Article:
Taking a spin in Forza 5's online multiplayer prior to launch didn't give us much of a chance to experience its match-making technologies. A Smart Match feature has the game's dedicated servers pitting you against other gamers that play the way you play, so a straight-laced player would not go up against a cheater. If it works as intended, cheaters would be placed in matches with other cheaters. Let's hope Smart Match Works!
I tried jumping into a few of the multiplayer hoppers, all of which went off without a hitch in matches up against a dozen or so other players (up to 16 supported), looking as good and playing just as well as single-player does. Categories for hoppers included monthly sets, league sets, class races, and specialty (drifting and others) races. If you have a qualifying car in your garage, join in. If not, you can rent a car to play, but you won't earn experience.
Beyond all of the fancy AI tech, physics calculations, or high quality visuals, what I really love about Forza Motorsport 5 is that it's packed full with automotive adoration. For me, the walkarounds of a collection of cars narrated by Top Gear's Jeremy Clarkson are just as enjoyable as any race. Being able to pore over every detail of every car I've ever dreamed of owning in Forza 5's virtual showroom, ForzaVista, is fantastic. It's a car lovers happy place on a disc.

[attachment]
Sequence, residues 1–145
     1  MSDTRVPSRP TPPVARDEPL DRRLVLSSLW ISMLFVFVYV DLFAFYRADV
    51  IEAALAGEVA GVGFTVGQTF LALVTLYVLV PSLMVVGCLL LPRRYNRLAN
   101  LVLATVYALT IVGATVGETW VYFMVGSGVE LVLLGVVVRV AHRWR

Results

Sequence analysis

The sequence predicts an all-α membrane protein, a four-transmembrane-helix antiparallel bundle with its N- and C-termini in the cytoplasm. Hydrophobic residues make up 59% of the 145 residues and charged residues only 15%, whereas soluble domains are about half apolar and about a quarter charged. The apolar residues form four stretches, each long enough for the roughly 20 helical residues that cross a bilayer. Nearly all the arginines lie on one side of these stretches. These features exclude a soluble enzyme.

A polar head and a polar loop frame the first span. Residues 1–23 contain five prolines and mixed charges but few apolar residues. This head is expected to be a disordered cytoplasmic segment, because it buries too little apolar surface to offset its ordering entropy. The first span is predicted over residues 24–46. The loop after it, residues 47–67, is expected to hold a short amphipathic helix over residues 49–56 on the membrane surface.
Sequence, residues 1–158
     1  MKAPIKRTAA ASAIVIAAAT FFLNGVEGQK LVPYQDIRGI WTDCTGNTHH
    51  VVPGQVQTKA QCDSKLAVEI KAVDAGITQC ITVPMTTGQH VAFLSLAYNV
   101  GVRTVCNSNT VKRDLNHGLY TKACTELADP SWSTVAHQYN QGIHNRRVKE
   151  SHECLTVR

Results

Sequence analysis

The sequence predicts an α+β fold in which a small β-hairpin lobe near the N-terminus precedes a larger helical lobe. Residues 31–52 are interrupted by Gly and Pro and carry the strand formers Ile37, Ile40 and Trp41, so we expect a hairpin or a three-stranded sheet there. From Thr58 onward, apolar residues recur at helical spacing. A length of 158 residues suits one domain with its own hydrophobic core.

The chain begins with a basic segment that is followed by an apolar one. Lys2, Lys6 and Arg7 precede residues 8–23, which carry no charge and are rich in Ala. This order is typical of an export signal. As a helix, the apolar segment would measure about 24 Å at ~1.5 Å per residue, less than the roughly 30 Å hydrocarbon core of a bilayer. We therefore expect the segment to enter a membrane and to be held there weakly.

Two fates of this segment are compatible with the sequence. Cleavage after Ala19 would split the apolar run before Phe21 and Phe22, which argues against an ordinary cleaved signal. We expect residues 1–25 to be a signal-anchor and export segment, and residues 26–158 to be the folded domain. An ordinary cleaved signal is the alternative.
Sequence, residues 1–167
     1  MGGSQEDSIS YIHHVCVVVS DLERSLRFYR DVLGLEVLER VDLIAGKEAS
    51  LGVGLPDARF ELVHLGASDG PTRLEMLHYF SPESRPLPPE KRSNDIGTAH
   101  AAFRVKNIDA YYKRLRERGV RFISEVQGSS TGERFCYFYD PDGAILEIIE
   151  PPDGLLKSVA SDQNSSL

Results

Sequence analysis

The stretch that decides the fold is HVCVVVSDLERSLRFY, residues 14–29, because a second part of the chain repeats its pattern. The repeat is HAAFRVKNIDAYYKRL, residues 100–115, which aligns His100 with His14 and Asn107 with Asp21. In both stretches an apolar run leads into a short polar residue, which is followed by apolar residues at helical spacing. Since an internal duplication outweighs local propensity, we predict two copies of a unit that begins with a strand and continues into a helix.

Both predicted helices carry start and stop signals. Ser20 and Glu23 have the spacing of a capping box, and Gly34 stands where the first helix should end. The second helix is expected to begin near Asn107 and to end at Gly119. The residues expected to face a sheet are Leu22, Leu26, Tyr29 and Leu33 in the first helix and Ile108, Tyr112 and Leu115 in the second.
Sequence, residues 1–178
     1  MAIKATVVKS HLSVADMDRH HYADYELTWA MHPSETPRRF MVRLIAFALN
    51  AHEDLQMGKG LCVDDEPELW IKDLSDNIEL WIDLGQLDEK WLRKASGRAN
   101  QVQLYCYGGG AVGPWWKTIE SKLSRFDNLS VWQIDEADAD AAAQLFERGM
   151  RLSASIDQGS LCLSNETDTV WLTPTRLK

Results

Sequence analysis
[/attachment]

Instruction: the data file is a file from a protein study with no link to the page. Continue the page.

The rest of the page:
This all helps make up for what feels like a thinner game than its predecessor. Even with all of its visual wow and cloud features, Forza 5 feels like there should have been more to it. In some ways it feels like an incremental content update with brand new visuals. Maybe more tracks would have helped. Or maybe some kind of underlying progression in the career mode would have made a difference.
But, at the end of the day, the racing is what matters. And with this game, the racing is fantastic, and Turn 10 is really onto something with this Drivatar stuff. It alone gives Forza Motorsport 5 something over every other racer out there, pushing the genre forward. They've remedied the racing genre's biggest problem: scripted AI cars.
For this, Turn 10 deserves high praise.
Forza Motorsport 5 reviewed by Dale North
A hallmark of excellence. It may have some flaws, but they are negligible to what is otherwise a supreme title.